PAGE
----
IN THE past, Britain was frequently ripped apart by the question: “Should the press be free or regulated?” Writers squared up to censorious Kings and demanded, in the words of seventeenth century poet John Milton, “the liberty to utter”. In return, Kings threw disobedient hacks in the Tower. In 1792, Thomas Paine was sentenced to death in absentia for writing the revolutionary Rights of Man, leading him to insist on the right of ordinary folk to read or hear any idea on earth.
But what’s the burning question being fought over today? It isn’t whether the press should be free or unfree, but: “what’s the best way to shackle those pesky papers?”
There’s now a choking consensus that the press must be regulated by its mysterious betters, and the only debate is over how this might be achieved. The publication of the Tories’ royal charter on press regulation yesterday was a sad day for press freedom. It confirmed that, even in this land of Milton and Paine, there’s now hardly anyone making the case for the unfettered liberty to publish and be damned.
Instead, we have the Tories on one side, insisting that Lord Leveson’s proposals for tighter regulation of the press be implemented through royal charter, and the censorious celebs of Hacked Off on the other, demanding they be implemented through statute.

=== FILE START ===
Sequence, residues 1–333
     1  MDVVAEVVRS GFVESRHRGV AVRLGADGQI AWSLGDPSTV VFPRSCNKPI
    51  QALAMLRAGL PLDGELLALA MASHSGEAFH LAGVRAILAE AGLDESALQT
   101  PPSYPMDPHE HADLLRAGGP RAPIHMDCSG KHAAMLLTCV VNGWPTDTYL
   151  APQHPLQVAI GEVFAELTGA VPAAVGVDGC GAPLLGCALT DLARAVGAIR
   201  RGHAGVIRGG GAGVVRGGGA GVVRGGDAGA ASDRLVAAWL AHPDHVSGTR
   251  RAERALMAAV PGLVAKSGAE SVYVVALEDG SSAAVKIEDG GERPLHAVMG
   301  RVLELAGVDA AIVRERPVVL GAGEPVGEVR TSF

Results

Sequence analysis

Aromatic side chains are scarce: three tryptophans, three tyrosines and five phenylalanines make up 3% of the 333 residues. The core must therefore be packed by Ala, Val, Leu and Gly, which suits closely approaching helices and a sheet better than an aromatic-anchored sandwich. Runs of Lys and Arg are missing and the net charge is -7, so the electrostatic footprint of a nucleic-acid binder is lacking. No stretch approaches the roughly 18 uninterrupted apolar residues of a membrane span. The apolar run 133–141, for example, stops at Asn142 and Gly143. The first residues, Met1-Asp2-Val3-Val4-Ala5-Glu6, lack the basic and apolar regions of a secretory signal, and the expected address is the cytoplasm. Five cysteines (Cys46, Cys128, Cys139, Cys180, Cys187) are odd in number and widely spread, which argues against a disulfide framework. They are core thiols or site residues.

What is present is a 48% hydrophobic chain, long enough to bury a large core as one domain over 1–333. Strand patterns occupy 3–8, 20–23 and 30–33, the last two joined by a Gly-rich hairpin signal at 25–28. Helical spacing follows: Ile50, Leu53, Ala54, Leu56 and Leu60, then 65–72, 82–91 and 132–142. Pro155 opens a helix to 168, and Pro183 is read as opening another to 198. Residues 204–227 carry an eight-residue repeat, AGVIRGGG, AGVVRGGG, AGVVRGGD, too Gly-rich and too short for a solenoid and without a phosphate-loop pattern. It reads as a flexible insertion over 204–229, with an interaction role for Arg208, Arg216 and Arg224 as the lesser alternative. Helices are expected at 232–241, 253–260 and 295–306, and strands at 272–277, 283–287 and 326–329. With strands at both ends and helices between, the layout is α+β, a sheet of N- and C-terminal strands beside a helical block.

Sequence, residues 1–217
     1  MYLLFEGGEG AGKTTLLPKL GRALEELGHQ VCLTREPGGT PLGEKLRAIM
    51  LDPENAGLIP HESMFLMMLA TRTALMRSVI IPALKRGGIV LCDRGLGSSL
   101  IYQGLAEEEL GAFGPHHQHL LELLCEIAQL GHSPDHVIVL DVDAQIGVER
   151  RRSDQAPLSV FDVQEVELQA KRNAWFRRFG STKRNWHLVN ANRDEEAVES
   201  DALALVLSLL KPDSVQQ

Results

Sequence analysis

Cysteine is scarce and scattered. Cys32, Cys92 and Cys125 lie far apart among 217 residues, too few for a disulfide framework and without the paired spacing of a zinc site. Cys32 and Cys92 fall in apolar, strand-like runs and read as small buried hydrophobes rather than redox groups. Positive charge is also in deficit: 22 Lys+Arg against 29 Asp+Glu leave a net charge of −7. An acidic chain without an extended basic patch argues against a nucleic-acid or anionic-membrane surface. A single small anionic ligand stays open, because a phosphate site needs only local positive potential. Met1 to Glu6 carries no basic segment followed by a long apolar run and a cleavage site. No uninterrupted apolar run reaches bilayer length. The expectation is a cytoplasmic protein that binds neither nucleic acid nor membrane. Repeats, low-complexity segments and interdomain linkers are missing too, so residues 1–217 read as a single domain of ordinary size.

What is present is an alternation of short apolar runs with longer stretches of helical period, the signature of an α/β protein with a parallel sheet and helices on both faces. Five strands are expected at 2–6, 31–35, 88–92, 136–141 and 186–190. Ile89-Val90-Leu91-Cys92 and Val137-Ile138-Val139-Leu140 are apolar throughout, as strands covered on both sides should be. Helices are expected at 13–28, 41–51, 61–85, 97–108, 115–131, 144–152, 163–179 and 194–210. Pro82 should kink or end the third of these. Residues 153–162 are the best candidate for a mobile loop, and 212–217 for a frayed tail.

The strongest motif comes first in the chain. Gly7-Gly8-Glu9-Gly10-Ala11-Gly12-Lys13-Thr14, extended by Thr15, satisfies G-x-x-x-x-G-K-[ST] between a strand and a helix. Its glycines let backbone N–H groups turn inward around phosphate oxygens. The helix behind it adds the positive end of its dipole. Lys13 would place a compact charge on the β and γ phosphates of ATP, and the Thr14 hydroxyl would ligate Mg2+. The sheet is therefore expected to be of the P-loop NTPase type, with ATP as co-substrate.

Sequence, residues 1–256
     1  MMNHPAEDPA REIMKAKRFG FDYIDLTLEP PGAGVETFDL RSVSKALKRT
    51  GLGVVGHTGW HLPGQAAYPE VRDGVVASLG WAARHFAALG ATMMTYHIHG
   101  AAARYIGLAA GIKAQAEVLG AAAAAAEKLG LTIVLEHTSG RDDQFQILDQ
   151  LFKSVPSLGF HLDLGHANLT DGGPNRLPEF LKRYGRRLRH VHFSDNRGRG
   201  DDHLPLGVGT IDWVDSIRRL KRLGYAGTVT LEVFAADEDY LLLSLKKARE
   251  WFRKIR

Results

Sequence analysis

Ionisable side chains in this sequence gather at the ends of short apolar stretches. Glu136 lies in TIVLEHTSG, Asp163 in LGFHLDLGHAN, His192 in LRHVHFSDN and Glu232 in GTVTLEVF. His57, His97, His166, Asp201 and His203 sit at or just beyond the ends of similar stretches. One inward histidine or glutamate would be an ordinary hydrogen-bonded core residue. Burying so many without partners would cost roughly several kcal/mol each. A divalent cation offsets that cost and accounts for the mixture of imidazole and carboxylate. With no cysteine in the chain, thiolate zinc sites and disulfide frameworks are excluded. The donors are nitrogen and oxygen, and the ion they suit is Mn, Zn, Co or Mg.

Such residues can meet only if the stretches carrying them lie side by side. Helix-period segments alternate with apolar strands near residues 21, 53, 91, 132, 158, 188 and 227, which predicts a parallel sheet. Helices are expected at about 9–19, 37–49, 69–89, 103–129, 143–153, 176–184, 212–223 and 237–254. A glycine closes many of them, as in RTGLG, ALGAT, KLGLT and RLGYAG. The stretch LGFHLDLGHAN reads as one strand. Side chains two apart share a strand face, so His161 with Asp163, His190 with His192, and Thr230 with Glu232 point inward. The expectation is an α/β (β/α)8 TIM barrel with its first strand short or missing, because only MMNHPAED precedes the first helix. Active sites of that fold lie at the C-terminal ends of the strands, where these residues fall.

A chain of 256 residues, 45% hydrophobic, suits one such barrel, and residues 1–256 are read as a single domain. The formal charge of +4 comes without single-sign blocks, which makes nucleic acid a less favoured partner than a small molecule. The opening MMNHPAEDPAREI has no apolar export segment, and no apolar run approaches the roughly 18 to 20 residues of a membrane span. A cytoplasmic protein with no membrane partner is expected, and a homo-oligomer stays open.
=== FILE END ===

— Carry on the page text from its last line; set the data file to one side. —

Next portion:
When Leveson first published his proposals last year, David Cameron posed as a lover of liberty who would refuse to pass the proposed law to set up a regulator of the press. Now he has achieved the remarkable feat of doing something worse: seeking to set up a toothy independent regulator of the press through the royal prerogative, nodded through by the archaic, unaccountable Privy Council.
Using royal authority to create a watcher of the press reverses all the hard work of Milton & Co., who fought precisely to weaken monarchical power over public debate, over that battle between “Truth and Falsehood”.
The tabloid-haters of Hacked Off accuse Cameron of acting undemocratically. True, but that’s rich coming from a group that is all about harnessing the power of modern-day royalty – celebrities – in its snobbish war on raucous redtops. And in cynically pushing forward victims of press intrusion, Hacked Off is circumventing rational debate, and using emotional blackmail to force the public and politicians to accept its agenda. Hacked Off’s use of a kind of “victims’ prerogative” isn’t much better than Cameron’s royal prerogative.
Both sides in this clash agree the press is too unregulated. But that isn’t true. Through chilling libel laws, human rights legislation that guards “privacy rights”, and laws limiting how journalists may spy on people in power, the press is subjected to too much regulation, not too little.
We should reject both sides’ proposed methods for beefing up regulation of the press, and instead look to America. That country’s constitution, inspired by great Britons like Milton and Paine, forbids officialdom from making any law whatsoever that abridges press freedom.
Brendan O’Neill is editor of Spiked Online.